CHICAGO – Charts, plans and formulas can tell clients the right thing to do, but they will not get clients to do the right thing, according to Morgan Housel of The Collaborative Fund.
“Behavior is hard to teach,” said Housel, who is scheduled to discuss the issue today. “You can’t sum up behavior with formulas to memorize or spreadsheet models to follow. Behavior is inborn, varies by person, is hard to measure, changes over time, and people are prone to deny its existence, especially when describing themselves.”
This is why Housel said that investing is not the study of finance, but the study of how people behave with money, which is what he will be presenting at the 2019 Morningstar Investment Conference.
Called “The Psychology of Money,” Housel’s presentation will focus on how people think about risk and how investors make decisions.
Housel said, “The finance industry talks too much about what to do, and not enough about what happens in your head when you try to do it.”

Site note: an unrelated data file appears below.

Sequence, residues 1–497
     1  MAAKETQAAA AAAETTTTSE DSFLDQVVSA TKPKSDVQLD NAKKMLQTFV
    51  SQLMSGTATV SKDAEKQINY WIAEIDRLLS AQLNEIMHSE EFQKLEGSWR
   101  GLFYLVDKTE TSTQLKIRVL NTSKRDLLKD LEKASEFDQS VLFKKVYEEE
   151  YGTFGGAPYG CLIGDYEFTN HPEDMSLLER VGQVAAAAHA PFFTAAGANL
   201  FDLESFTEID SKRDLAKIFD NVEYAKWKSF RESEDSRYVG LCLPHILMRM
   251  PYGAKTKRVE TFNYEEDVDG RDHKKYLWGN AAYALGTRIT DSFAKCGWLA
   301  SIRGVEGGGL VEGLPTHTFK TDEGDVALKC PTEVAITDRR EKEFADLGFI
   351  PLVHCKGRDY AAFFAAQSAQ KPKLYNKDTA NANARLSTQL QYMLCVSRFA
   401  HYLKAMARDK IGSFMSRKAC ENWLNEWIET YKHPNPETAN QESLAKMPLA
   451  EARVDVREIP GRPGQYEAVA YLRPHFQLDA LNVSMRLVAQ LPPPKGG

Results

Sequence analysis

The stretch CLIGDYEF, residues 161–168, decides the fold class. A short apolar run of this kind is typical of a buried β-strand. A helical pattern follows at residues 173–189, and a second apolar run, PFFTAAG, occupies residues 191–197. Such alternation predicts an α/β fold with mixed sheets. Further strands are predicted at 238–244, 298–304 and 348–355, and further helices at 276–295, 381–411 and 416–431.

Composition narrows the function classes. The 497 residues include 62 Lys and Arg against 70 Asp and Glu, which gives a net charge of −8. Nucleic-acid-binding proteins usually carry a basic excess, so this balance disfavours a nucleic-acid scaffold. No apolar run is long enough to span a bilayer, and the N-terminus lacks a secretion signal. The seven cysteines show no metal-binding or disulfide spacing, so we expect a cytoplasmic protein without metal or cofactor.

Ideally, this will make financial services professionals more aware of what investors are thinking and enable them to help investors make better financial decisions, he added.
To illustrate his point, Housel leans to academia.
Famed economist Harry Markowitz won the Nobel Prize in economics for creating formulas to determine how much of a portfolio should be in stocks and how much should be in bonds. Despite his work, Markowitz proclaimed to the Wall Street Journal that when he invests, it’s purely emotional.
“I visualized my grief if the stock market went way up and I wasn’t in it – or if it went way down and I was completely in it. My intention was to minimize my future regret. So I split my contributions 50/50 between bonds and equities,” Markowitz has said.
So, even academics may be technically right, but don’t act according to their own findings in the real world.
There’s a simple explanation for this, Housel said.
“What works on a spreadsheet and what works at the kitchen table are 10 miles apart,” he said.
In his presentation, Housel will be using more real-life scenarios to help the audience understand how humility, adaptability, long-time horizons and skepticism of popularity around money are essential to good financial behaviors.
Housel added, “Be prepared to roll with the punches.”
AdvisorNews Managing Editor Cassie Miller may be reached at cassie.miller@Adnewsfeedback.com. Cassie has an extensive background in magazine writing, editing and design. Follow her on Twitter @ANCassieM.